Formerly considered a race of S. canus. Its name Scytalopus comes from the Greek roots skutale or skutalon = stick, garrote and pous = foot. The epithet opacus comes from Latin and means dark.
It is 10·5 cm of lenght; male 13·9–17·9 g, female 13·4–16 g. Nominate male differs from previously conspecific S. canus in having flanks and vent usually ochraceous tawny to cinnamon-brown or darker brown with obscure, relatively narrow, dense dusky bars, or sometimes only trace of brown and barely discernible bars; female occasionally like male, but usually paler and has brown upperparts, faint dusky barring on tips of inner remiges and on tail, more extensively brown flanks, pinkish-buff central lower belly; juvenile variable (even within single population), brown and barred above, cinnamon-buff to pinkish-buff below, throat and breast sometimes washed grey, underparts varying from fully barred to only flanks barred, or spotted from lower breast downwards; subadult much like female but browner, with more extensive pinkish buff on belly, flank bars sometimes crescent-shaped.
The Paramillo Tapaculo (Scytalopus canus) has shorter wings and tail and is completely gray with no barred underparts. The Blackish Tapaculo (Scytalopus latrans) is larger and blackish, not gray. Spillmann’s Tapaculo (Scytalopus spilmanni) has dark brown rump and uppers, pinkish buff underbelly, flanks and undertail-coverts ocreous to cinnamon brown with dark bars.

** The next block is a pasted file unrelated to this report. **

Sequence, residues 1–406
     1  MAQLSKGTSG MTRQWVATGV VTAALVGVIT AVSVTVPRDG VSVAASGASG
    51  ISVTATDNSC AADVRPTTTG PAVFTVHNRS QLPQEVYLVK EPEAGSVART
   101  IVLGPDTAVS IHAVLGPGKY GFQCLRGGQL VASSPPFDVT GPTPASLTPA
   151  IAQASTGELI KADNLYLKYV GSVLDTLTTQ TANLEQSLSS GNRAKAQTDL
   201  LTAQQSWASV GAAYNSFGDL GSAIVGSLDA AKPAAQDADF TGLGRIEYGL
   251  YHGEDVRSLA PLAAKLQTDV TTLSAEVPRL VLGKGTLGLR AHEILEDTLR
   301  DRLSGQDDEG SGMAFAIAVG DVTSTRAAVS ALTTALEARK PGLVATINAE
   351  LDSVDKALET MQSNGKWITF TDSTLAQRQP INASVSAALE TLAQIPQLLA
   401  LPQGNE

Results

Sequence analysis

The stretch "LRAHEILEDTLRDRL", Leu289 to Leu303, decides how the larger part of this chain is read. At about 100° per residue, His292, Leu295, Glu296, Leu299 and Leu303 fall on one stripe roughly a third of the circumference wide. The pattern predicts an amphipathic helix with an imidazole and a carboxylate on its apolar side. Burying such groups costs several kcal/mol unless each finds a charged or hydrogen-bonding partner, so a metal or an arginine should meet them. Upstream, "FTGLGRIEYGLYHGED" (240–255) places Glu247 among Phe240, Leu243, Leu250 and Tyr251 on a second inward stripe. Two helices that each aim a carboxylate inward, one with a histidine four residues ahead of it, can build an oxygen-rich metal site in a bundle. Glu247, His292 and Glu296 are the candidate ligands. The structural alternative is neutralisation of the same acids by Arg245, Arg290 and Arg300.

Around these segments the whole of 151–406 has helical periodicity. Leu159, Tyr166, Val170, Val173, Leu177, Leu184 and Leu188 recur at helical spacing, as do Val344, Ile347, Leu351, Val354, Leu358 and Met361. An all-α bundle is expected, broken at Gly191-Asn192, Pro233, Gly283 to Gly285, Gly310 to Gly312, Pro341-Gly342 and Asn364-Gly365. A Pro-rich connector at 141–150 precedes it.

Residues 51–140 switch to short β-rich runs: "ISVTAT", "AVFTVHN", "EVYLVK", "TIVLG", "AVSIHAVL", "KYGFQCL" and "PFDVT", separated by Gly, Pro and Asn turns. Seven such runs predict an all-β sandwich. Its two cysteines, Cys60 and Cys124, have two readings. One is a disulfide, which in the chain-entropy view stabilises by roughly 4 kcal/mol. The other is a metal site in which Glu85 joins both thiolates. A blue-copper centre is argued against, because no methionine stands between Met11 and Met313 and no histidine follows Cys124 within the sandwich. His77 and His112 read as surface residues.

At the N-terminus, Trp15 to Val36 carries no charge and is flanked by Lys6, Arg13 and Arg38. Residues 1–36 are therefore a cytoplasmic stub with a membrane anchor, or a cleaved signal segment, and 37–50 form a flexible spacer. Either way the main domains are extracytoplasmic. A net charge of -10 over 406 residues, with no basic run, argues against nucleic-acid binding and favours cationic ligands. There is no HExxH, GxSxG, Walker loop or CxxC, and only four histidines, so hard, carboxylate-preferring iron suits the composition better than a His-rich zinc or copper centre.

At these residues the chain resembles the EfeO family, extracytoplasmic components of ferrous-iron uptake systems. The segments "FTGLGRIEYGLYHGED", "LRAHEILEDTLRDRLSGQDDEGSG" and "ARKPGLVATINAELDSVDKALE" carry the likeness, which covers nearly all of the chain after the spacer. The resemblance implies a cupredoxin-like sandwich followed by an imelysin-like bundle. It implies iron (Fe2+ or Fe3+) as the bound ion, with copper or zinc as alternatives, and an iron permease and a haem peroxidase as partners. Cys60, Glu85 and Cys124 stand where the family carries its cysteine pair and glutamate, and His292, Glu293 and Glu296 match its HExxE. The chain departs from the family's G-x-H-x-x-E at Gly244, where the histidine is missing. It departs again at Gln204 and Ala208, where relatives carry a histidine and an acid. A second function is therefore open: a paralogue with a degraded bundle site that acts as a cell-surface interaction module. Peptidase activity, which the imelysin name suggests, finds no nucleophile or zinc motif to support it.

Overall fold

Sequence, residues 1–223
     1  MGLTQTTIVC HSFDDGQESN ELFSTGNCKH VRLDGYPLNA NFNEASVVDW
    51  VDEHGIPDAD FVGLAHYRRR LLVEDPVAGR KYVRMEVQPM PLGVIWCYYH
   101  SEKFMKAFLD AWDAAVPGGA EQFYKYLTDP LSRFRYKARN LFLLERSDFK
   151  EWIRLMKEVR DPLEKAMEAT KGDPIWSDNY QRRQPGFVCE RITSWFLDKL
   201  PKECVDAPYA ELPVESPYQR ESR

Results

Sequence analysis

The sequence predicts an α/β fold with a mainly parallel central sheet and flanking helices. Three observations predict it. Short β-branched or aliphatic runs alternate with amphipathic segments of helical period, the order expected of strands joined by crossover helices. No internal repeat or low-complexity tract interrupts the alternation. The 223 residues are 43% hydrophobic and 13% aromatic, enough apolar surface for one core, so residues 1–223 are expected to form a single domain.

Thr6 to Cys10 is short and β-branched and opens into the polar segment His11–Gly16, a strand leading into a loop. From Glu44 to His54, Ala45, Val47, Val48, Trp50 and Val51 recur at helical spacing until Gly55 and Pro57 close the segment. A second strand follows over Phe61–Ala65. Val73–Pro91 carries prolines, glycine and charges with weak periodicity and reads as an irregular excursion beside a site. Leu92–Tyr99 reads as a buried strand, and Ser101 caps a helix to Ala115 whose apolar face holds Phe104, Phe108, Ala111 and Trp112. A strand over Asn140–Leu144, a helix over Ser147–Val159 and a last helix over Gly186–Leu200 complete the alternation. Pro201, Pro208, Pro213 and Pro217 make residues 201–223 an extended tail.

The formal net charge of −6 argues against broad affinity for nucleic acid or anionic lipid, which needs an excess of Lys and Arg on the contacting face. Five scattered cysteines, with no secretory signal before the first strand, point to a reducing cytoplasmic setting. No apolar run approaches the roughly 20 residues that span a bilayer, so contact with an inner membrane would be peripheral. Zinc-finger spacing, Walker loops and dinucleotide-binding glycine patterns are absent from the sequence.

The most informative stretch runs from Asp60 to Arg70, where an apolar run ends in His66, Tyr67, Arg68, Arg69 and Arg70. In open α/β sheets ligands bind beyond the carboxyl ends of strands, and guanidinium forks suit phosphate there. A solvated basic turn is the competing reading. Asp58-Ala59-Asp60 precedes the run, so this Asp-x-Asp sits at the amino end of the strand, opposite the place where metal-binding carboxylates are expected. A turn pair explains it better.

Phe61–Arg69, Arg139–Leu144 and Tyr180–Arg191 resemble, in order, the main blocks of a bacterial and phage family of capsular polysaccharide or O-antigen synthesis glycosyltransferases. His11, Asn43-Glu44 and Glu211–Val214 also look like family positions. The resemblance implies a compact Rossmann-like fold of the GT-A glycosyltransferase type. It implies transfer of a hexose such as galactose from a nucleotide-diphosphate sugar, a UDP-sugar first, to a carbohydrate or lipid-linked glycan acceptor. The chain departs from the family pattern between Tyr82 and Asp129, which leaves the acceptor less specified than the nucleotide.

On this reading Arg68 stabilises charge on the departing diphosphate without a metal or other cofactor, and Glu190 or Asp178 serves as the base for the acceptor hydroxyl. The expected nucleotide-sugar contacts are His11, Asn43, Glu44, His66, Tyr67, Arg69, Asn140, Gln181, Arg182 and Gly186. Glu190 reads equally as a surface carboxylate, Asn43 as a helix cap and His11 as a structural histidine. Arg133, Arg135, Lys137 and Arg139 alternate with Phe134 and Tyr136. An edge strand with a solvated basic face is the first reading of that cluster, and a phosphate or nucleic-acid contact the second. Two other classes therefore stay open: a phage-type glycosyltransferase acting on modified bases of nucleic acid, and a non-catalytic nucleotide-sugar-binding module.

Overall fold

Two subspecies are recognized: S. o. opacus and S. o. androstictus. Only the nominal breed is found in Colombia.
It is found in the central Andes of Colombia south to northern Peru. In Colombia it has been registered in the Central mountain range in the department of Caldas in Nevado del Ruiz. Also in the municipality of Murillo (Tolima), in the town of La vereda and in the moor of Bordoncillo in Putumayo.
It is found at altitudes of 2,600 to 4,000 metres (8,500 to 13,100 ft) in the Andes of northern Peru, Ecuador and southern Colombia (Central mountain range) the transition zone between the high Andean forest and the páramo including areas of growth of Polylepis spp.
Small arthropods have mainly been recorded in their stomach contents. Also a berry in the stomach contents of a young individual.
Females with an incubation patch and young individuals have been recorded in the months of March, May and November. Other details of their reproductive biology are unknown.
It remains in the understory where it forages on moss-covered logs and on the ground. It commonly goes unnoticed unless you sing.
Initially included in the species S. magellanicus and later considered as a race of S. canus from which it differs by its song, body size and plumage coloration.
At the national and international level, it is classified as a species of least concern.
Avibase (2018). Species factsheet: Scytalopus opacus. Downloaded from https://avibase.bsc-eoc.org/species.jsp?lang=EN&avibaseid=71A913B7CE0D4308
BirdLife International (2018) Species factsheet: Scytalopus opacus. Downloaded from http://www.birdlife.org on 10/22/2018.
Hilty, S. L. and W. L. Brown. 2001. Guide to the Birds of Colombia. Princetn. Univ. Press, Princeton, NJ.
The IUCN Red List of Threatened Species. Version 2017-3. <www.iucnredlist.org>. Downloaded on 13 February 2018
Jobling, C. 2010. The Helm dictionary of scientific birds names. Christopher Helm and A & C Black Publishers Ltda. London. 433p.